“marshmallow is a wonderful remedy for any kind of irritation inside or outside the body because of its great soothing and healing properties” (8).

EXTERNAL: cleanse and heal open wounds (1). Poultice or ointment applied topically to boils, abscesses, ulcers, and wounds to draw effete matter to the surface for expulsion (1), to help with poorly healing or infected wounds (13)2. Scalds and burns, sunburn (8). Pulverized root can be used as a healing and drawing poultice, applied warm (3). Varicose veins, ulcer, abscess, carbuncles and boils (4), bed sores (5). To make a poultice pound up the roots and pour on boiling water. When this cools strain through a cloth, wrap the cold wet herb material in a clean cloth and put on the skin. This is a cold poultice. A hot poultice would use warm herb material and usually put a hot water bottle behind it to keep it warm once

It’s on the body (16). Can also use Marshmallow on boils, abscesses and sore nipples (16). Physicians in the medieval times found that Marshmallow helped old stubborn wounds to heal (16). Ointment can be used to draw out pus, splinters and thorns (13). A wash of marshmallow can be used for eczema and psoriasis (14). Haemorrhoids (14).

ROOT = lungs

LEAF = kidneys

Emotional Uses: Marshmallow helps to soften a person, in a world where all too often we’ve become too hardened, we close our hearts to protect ourselves. Hardly anyone is truly mean spirited they are simply harsh on themselves and

those around them, they could do with some Marshmallow to help them become more flexible, open hearted and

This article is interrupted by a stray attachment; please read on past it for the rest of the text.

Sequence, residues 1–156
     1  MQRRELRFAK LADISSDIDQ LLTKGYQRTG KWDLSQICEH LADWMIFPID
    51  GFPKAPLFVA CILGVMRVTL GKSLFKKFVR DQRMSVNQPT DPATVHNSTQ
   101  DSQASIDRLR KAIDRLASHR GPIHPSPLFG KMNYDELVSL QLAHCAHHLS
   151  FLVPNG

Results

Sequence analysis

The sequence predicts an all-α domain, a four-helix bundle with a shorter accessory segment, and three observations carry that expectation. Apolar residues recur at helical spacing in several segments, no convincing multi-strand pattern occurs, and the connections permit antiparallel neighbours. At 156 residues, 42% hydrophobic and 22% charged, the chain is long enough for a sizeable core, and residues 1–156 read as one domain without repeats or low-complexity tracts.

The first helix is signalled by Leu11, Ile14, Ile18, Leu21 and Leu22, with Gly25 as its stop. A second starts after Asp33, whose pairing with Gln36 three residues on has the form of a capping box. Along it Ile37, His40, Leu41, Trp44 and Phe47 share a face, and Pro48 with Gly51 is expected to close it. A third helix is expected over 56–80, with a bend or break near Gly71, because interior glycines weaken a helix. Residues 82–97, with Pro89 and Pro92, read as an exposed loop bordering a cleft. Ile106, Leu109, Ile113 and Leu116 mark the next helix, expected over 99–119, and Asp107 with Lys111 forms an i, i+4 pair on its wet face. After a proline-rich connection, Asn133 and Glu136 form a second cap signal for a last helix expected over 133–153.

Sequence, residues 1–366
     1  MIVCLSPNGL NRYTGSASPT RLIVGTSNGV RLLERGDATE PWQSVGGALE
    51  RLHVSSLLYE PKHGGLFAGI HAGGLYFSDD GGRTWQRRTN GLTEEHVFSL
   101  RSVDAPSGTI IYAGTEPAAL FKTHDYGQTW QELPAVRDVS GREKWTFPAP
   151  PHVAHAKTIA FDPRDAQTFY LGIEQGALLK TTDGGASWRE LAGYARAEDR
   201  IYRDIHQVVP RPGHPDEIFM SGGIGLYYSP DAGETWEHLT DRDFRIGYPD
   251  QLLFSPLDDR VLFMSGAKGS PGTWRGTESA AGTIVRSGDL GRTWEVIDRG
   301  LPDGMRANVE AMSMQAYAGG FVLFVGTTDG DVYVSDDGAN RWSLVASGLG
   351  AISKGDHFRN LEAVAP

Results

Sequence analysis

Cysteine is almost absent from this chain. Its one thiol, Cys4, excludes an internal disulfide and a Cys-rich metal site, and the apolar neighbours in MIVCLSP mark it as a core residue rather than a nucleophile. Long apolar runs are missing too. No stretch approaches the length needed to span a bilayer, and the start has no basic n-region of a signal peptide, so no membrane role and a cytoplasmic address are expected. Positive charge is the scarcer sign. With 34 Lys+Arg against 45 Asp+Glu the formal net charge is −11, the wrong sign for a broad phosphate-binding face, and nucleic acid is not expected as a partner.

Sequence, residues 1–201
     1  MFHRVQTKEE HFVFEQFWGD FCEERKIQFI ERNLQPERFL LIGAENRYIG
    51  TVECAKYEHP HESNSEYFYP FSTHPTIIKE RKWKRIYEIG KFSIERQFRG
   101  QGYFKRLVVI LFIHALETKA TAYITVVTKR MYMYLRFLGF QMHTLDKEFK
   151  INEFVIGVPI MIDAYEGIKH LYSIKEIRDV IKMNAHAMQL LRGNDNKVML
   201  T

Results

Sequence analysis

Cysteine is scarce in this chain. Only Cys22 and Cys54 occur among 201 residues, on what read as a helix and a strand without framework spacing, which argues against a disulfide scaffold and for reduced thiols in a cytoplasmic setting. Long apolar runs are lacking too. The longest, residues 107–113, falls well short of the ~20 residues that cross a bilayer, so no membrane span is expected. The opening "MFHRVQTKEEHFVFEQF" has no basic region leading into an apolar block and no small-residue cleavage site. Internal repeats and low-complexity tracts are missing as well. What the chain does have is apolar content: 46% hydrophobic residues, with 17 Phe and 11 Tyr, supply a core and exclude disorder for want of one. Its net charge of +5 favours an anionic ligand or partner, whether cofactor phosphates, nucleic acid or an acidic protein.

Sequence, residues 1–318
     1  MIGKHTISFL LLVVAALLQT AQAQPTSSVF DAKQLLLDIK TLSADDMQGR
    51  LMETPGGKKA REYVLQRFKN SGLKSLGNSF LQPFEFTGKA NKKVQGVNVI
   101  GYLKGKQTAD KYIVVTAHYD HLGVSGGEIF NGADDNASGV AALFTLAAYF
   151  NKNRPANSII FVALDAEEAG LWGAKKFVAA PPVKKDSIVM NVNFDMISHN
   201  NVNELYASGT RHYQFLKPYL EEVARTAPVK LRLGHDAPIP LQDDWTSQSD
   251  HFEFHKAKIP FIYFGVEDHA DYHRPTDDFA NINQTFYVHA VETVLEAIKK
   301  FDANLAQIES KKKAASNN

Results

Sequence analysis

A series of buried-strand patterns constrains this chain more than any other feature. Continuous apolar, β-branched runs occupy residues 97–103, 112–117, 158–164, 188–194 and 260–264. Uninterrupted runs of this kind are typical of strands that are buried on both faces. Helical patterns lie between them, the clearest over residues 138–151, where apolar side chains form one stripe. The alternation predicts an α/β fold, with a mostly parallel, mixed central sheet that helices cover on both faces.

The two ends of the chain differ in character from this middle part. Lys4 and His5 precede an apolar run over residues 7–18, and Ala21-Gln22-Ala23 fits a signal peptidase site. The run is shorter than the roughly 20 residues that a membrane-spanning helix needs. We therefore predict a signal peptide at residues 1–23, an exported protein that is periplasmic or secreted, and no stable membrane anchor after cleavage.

emotionally available (16).

Specific Indications (symptoms for which this plant will remedy):

Digestive: ulcerative colitis, gastritis, peptic ulcers (anti-inflammatory action). Heartburn, IBS, constipation (mucilage sooths) (6). Crohn’s disease (palliative not curative), inflamed digestive tract, over-acidity, gastric ulcer, diarrhoea, dysentery (14).

Skin: insect bites, wasp and bee stings (leaves applied). Sooths and heals inflamed skin, sore nipples, mastitis, acne and eczema. Warm poultice draws out splinters, boils and abscesses. Mouthwash, gargle for sore throat and inflamed gums (6). Inflamed skin, dry, red, cracked (14).

Immune: Antimicrobial against staphylococcus aureus; stimulates production of WBC (6). Swollen, hard lymph glands (14).

Respiratory: sooths dry cough, sore throat, laryngitis, bronchitis and croup. Mild expectorant and immune enhancer clear catarrh and alleviates inflammation (6). Dry cough in throat or upper bronchus; congestion, catarrh, bronchitis, asthma, whooping cough, emphysema (14).

Urinary: cystitis, urethritis, irritable bladder. Soothing diuretic eases passing of gravel and stones (6).

Head: sore or inflamed eyes (14).

Sensory Preparations:    

Party Potion Drops (Solar Plexus).

PissEase Tea

Breathe Easy Tea

Preparations:

Mucilage extracts poorly in alcohol, often used in capsule or powder form (14).